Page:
CHALLENGE: To illuminate a narrow space featuring a distinctive curved 14-foot-tall wall of red lacquered plate steel while ensuring that the red does not overpower the retail venue.
SOLUTION Elizabeth Arden's signature color is red, so it's fitting that a red door has welcomed visitors into the flagship store on Fifth Avenue in New York since 1930. In the newly remodeled 900-square-foot space, an eye-catching 14-foot-tall red-lacquered plate-steel wall now curves through the narrow volume. With such a bold use of color, it was important to make sure everything else in the store—including employees and customers—didn't end up bathed in a red hue. Moreover, the lighting consultant, Randy Sabedra of RS Lighting Design in New York, wanted to keep the lighting design minimal. “I'm sure there was some apprehension from the owners and architect that we weren't doing ‘normal' stuff,” he says, such as using more standard, traditional fixtures. “But it shows visually in the space and works really well.”
“We came up with the idea that we'd have a lighting solution that featured the red wall but gave white light into the space,” Sabedra says. “That's where the backlit lens cavity came into play.” Following the curve of the red-lacquered wall, the cavity is approximately 18 inches deep and 12 inches wide, and it incorporates 50W Biax lamps positioned about 1 foot above a diffused membrane. Sabedra says an early challenge of the lighting design was ensuring that the cavity was appropriate for the space and that it allowed the lamps to deliver direct white light.
An overscaled cabinet to the left of the store entrance was designed to contain active video and ad campaigns. “At some point we realized the potential for it being too visually loud, so [the active video] turned into static background graphics,” Sabedra notes. To illuminate the cabinet, he designed parallel rows of square open accent lights with single and double 75W AR111 lamps.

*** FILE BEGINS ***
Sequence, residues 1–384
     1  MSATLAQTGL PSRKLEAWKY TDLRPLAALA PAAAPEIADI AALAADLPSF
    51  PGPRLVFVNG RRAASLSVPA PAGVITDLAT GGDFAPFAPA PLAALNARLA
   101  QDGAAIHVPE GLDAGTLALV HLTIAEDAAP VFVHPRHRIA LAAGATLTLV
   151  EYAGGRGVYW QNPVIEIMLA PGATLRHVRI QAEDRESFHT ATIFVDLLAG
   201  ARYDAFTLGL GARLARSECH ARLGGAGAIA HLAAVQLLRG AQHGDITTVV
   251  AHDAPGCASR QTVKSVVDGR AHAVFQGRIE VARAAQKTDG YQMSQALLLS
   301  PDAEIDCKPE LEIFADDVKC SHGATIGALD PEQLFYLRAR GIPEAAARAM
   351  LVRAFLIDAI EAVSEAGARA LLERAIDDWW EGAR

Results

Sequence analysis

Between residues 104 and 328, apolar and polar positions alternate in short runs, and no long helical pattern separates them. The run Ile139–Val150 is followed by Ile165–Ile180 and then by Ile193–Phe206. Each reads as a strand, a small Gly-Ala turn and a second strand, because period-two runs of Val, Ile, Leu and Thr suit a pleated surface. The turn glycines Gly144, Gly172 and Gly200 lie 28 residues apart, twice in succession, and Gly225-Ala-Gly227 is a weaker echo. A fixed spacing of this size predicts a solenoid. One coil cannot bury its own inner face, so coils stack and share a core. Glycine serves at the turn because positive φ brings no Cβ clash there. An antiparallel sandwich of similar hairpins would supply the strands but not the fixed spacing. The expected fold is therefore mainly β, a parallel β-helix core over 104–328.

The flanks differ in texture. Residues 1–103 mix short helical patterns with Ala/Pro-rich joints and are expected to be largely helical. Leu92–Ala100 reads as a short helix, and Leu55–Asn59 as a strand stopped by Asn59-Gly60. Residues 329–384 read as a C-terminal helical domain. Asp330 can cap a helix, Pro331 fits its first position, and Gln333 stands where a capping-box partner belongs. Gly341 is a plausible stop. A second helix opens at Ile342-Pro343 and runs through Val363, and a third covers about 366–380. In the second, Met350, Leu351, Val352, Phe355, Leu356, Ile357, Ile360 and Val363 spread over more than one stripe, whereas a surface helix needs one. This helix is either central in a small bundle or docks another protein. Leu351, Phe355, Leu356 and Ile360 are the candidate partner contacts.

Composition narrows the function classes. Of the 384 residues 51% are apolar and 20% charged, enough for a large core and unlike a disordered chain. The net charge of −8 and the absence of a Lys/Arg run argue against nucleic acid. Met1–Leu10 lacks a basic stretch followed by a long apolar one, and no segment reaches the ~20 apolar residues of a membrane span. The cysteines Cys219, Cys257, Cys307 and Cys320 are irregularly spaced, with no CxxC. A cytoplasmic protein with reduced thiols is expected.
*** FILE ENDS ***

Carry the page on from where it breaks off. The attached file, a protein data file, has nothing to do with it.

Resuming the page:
Flanking the mirrors at the makeup stations are vertical linear fixtures featuring frosted glass with a T5 lensed lamp to create diffused light. “It was key that there was soft diffused lighting to highlight the faces,” Sabedra says. Also, some of the accent lights above the stations—65W MR16 lamps arranged in a radial pattern—are aimed toward the customer sitting in the chair, providing additional lighting.
While ads along the walls are backlit with T5 fluorescent lamps, Sabedra nixed the fluorescent system originally planned to illuminate the product shelf display niches after seeing a mock-up. The manufacturer happened to have an LED linear case light on hand. “When we plugged it in, it fit perfectly and the color was beautiful,” Sabedra says. The owners loved the 3000K warm white LEDs, each of which has a lens to redirect the light cleanly and ensure that the color does not shift.
The back of the store, near the Red Door Spa entrance, features a vintage chandelier—a subtle reminder that Elizabeth Arden has been at this location for more than 75 years. Found on a shopping trip by the store owners, the incandescent crystal chandelier has the sparkle and scale Sabedra was after. “The primary goal of the chandelier was to be a visual highlight at the end of the store,” he says, noting that the luminaire achieves its purpose amid the store's minimal yet striking lighting design. “Everywhere you look something catches your eye and seduces your senses.”
Project Elizabeth Arden on Fifth Avenue, New York
Design Team Highland Associates, New York (architect); RS Lighting Design, New York (lighting designer)
Project Size 900 square feet
Images Courtesy of Elizabeth Arden
Manufacturers Bartco Lighting, Legion Lighting, Lutron, Mark Architectural Lighting, Philips Color Kinetics, RSA Lighting